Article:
One of examples is a support activity being done in Minamiaso village where the main source of income of the village are from livestock farming. In some parts of the village water supply is still disrupted but survivors who have cows and fields to look after cannot abandon their houses. The Kumamoto Green Co-op has been supplying water necessary for daily life and a tank of water for continues their business agricultural purposes to those survivors.

JEN is lending a delivery lorry to the Kumamoto Green Co-op so that it can deliver aid more quickly to further parts of the area.

JEN’s support activities also include efforts to wash off volcanic ash with high-pressure sprayers in Miyaji district, Aso city, due to the eruption occurred in Aso Mountain the last November.

 

 

 

Washing off volcanic ash in Aso city
Washing off volcanic ash in Aso city
Feb 9, 2017

Remaining an ordinary life

Maintaining the water tanks
Maintaining the water tanks

The purpose of the activity to maintain the water tanks is to keep water, which the refugees drink, safe and clean.

Lorries carrying water run all around the refugee camps and fill the tanks with water every day. Owing to hot weather and dust in air, there is a possibility of spreading of bacteria everywhere in the tank and change in water quality, thereby causing bacterial outbreak or increase in deposit and algae.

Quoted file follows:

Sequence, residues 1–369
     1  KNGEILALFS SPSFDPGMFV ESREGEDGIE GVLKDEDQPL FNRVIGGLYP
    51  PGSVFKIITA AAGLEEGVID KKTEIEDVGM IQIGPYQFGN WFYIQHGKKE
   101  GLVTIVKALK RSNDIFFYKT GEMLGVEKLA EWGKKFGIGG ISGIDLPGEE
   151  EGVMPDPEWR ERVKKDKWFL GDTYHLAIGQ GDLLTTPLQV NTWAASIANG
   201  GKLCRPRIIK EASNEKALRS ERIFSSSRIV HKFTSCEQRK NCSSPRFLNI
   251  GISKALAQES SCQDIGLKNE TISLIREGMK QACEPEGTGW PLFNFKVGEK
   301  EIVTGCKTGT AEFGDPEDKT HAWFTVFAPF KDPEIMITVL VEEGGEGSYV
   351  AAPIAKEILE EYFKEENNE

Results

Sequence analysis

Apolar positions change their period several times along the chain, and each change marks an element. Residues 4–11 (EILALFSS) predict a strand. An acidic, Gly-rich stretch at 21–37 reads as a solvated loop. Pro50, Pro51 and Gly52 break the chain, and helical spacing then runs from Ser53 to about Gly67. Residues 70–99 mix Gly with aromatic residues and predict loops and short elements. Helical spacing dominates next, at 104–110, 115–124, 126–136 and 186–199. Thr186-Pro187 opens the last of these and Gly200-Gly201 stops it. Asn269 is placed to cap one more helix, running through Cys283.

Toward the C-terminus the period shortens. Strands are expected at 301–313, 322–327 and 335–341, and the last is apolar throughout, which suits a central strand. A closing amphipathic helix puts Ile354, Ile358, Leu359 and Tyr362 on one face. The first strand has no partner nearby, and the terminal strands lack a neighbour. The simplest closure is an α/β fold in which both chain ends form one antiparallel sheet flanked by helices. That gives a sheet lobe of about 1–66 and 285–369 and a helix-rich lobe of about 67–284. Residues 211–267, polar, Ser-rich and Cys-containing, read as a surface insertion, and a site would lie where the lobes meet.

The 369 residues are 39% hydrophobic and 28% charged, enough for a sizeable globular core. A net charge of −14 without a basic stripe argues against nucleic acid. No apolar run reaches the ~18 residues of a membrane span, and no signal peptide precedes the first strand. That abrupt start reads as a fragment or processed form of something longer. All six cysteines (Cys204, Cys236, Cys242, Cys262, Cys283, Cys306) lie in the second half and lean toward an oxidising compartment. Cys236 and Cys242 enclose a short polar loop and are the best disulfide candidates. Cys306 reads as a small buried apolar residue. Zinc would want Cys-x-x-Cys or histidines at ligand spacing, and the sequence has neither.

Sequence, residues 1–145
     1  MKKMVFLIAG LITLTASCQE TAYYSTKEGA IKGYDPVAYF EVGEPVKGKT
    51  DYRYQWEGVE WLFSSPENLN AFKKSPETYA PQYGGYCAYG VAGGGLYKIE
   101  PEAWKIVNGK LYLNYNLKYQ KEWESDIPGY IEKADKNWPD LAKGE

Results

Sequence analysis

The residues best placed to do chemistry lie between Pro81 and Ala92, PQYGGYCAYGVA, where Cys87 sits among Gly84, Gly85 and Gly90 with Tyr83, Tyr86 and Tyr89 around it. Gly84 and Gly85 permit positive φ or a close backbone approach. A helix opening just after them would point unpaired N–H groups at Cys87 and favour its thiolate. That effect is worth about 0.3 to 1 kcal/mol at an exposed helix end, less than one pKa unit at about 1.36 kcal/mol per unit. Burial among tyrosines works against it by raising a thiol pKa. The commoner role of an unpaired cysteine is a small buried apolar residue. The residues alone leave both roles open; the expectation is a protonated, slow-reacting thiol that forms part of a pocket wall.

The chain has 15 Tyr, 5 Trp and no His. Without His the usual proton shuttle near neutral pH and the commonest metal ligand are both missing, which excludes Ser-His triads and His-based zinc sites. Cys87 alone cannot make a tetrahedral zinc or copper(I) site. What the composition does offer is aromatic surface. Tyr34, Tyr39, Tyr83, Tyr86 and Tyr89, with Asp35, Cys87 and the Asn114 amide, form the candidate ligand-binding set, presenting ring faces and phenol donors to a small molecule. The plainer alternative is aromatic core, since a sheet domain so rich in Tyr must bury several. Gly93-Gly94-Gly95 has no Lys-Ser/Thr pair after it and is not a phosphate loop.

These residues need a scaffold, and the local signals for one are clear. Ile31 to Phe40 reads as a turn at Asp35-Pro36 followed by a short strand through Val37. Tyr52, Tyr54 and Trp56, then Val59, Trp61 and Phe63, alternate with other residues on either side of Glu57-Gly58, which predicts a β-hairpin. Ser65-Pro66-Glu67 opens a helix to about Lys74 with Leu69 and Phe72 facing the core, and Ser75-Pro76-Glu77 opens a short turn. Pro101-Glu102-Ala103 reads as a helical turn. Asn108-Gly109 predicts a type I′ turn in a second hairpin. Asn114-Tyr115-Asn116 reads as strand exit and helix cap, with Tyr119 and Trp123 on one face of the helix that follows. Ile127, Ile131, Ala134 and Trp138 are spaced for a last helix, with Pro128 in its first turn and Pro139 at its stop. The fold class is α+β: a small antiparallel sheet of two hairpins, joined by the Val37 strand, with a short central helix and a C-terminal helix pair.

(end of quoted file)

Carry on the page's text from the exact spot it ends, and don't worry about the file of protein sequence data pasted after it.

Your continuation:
In the past, JEN used to disinfected public water tanks of the 3rd, 4th, 5th section at least twice a year as a folk group supporting water–hygiene activity. Later on, as more and more people came to have their own tank, JEN also began to disinfect private water tanks. The total number of water tanks disinfected in these 3 sections has amounted to 1,000.

The maintenance team collects water tanks from people and disinfects them. At the first, tanks are washed with detergent and water, then disinfected with chlorine, and finally rinsed. JEN works carefully not to leave chlorine of more than 1.8ppm.

There used to be a problem with people not leaving their tanks to us, as worrying about the tanks not being returned to them or being exchanged to old ones.

In order to solve such problem, efforts were made to disseminate the right information to people as well as the merits and importance of tank disinfection.

Originally, as we had built up relationship of mutual trust between people of 3rd-5th section, we succeeded in persuading all of them. Also, this time operation, we could return water tanks to everyone at the end of working day as well.

At this time, JEN’s role is in charge of surveying the chlorine rate left in the tank after disinfection. We aim to obtain a numerical value as exactly as possible and let people know the water in the tank is safe to drink.
Moreover, all of the JEN staff has a strong motivation every time we obtain a good result.